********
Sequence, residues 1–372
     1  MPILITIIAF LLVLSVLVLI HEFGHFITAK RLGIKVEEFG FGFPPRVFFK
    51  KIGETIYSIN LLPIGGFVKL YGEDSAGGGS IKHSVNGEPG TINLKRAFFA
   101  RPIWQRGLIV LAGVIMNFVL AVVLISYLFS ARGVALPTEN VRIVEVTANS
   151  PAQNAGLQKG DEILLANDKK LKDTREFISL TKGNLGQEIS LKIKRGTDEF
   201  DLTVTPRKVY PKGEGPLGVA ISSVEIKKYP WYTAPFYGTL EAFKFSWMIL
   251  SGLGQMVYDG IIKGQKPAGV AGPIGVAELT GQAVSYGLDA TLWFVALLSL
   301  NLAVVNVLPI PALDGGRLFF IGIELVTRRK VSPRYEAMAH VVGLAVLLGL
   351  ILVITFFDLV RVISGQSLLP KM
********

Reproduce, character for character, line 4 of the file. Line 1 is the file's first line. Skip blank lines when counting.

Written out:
   101  RPIWQRGLIV LAGVIMNFVL AVVLISYLFS ARGVALPTEN VRIVEVTANS